The concept might be terrifying at first, but once you get the hang of it, learning to thread your own eyebrows is a great skill and a total time and money-saver! Why spend between 5 and 10 dollars twice every month to have this done in a salon, when you could do it for free in the comfort of your own bedroom or bathroom? The steps are quite simple, but remember before you begin: this is a skill that takes a LOT of practice, and is something that should be done very carefully and slowly the first several times you do it.
Step one. Cut a length of any sewing thread about 18-20 inches long.
Step two. Tie the length of string into a simple, one-knotted loop as seen in image #1.
Step three. Now begins the more difficult part. In image #2 (blurred so that you can see the crossover), you can see that I have begun to twist the loop in the middle. Twist it about 4-6 times so that you have two loops on either side of the twisted string, like in image #3. I suggest holding the loops in a “cat’s cradle” style, with just your index finger and thumb as I am doing in image #3. Now, you will notice that I am holding the thread with one loop expanded and the other is pulled small by the twisting in the center. By separating your thumb and forefinger, you can slide the twists across the thread to make the loops bigger or smaller. Practice this movement a few times before moving on to step 4.
Step 4. Decide which brow you would like to begin with, and examine it. In which direction is the hair that you would like remove growing? The hair below your eyebrow tends to grow back, towards your hairline.
Step 5.This is very important: Whenever removing hair, you need to remove it by pulling it away against the growth. Refer to pictures 3, 4 and 5. Hold the twisted section of your loop against your skin, with the smaller loop closest to the tips of the hair that you want to remove. With your fingers in the cradle position in the loops, carefully spread your fingers in the smaller loop apart. You will notice that the smaller loop gets bigger, and the twisted thread rolls across your skin, yanking the hair out by the root.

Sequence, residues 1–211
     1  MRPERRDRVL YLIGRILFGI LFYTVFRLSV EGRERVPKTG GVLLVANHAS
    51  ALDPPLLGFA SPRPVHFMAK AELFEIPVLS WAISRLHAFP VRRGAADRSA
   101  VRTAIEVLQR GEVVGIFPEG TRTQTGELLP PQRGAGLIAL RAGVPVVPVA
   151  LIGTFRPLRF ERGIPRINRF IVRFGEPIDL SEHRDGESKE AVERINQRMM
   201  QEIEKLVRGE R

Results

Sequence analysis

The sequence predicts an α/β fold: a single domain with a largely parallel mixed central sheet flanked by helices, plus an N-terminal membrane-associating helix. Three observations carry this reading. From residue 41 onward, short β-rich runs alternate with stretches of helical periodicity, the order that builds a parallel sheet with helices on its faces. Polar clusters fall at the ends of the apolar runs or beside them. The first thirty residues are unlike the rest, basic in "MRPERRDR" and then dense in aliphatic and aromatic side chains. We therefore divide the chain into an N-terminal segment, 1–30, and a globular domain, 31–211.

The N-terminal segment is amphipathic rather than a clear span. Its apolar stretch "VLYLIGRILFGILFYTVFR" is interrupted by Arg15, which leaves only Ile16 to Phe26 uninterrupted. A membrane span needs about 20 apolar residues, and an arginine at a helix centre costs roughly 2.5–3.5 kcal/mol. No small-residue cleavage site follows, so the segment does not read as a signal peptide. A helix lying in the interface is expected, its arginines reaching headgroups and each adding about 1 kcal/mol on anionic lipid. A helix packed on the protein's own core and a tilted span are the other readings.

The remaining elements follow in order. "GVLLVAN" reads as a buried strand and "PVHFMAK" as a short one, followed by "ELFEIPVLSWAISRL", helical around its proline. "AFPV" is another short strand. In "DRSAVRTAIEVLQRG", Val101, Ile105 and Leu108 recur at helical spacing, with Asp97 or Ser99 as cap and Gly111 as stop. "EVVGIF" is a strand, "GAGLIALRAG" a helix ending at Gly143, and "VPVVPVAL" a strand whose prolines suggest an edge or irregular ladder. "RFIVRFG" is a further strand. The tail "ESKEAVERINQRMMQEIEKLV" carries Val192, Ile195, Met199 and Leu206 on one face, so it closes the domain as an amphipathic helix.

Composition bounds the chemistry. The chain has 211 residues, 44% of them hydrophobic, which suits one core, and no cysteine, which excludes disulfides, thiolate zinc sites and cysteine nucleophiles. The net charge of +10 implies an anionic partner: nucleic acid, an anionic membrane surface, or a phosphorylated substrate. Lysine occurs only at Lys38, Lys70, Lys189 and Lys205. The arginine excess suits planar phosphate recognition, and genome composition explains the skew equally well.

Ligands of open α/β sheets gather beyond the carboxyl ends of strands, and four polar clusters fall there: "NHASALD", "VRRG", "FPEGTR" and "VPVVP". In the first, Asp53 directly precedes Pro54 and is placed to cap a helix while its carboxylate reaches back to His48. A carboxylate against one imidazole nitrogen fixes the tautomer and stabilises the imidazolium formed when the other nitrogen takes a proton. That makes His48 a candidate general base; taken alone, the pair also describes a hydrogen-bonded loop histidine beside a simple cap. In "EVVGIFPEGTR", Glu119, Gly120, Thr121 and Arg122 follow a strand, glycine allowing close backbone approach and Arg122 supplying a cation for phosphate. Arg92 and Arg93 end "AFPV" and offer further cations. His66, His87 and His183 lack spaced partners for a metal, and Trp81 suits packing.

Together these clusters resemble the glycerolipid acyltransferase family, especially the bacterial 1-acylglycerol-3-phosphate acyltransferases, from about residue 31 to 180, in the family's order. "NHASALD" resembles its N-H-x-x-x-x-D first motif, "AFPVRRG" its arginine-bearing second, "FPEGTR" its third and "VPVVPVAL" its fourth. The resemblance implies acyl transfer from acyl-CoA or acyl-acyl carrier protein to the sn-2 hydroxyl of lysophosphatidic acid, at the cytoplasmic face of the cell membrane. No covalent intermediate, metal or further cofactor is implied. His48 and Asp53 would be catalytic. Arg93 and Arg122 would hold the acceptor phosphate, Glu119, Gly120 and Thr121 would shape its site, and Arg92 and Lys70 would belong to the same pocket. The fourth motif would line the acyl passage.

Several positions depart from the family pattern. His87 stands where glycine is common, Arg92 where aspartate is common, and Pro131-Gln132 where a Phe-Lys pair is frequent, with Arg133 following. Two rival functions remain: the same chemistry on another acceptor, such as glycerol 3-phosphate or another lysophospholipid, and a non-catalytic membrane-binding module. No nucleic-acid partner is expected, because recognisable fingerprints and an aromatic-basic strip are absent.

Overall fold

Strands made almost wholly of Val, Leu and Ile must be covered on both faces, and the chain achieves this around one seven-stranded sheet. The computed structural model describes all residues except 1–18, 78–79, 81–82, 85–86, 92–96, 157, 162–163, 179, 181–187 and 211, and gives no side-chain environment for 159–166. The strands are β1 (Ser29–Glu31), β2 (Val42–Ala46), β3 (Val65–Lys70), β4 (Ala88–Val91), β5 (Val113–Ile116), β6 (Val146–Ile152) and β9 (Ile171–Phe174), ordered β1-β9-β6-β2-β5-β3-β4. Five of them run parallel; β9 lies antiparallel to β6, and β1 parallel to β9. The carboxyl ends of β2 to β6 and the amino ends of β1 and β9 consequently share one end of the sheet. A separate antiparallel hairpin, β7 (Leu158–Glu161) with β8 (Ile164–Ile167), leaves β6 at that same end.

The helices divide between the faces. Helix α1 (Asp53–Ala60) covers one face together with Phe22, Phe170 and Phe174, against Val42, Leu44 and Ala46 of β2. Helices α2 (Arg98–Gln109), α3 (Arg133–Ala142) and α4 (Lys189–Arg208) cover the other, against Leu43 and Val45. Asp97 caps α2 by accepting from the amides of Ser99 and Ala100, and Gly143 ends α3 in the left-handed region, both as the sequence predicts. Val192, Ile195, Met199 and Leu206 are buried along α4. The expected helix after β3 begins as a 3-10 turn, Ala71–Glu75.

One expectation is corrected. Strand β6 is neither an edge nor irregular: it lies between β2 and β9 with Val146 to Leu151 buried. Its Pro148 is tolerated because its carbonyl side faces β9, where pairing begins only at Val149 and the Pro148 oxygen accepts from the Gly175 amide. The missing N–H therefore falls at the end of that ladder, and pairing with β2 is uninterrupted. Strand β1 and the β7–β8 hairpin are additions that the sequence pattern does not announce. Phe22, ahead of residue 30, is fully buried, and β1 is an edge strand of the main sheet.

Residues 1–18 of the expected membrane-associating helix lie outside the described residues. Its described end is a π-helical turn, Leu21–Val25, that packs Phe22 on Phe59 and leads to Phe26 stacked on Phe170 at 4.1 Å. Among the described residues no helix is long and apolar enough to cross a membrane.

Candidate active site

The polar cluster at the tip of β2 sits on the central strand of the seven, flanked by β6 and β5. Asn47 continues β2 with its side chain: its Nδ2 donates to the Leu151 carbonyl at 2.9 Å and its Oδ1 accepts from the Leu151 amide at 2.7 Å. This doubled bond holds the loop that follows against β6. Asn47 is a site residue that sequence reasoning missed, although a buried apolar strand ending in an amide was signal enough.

I won’t lie to you – yes, this does hurt. But it is much faster than plucking, and much less messy than waxing. The best thing is that you do not have to be totally exact when you thread; you can always clean up the stray hairs with tweezers, so do not worry about getting super close with the thread! In fact, I would recommend that you stay as far away from your main brow as possible. Be careful of getting too close, because in each of our eyebrows we have something called a nerve-line. The nerve-line is exactly what it sounds like – a line of nerves that are below the skin where your eyebrows are rooted. The nerve-line is a very thin line, located beneath the middle of your brow. However, if you pluck or thread hair that was rooted in the nerve line, beware. This hair can take weeks or months to grow back, and in some cases may not grow back at all! So always take precautions and move slowly with your thread until you gain experience. However, once that day comes you’ll be glad that you learned – I certainly am!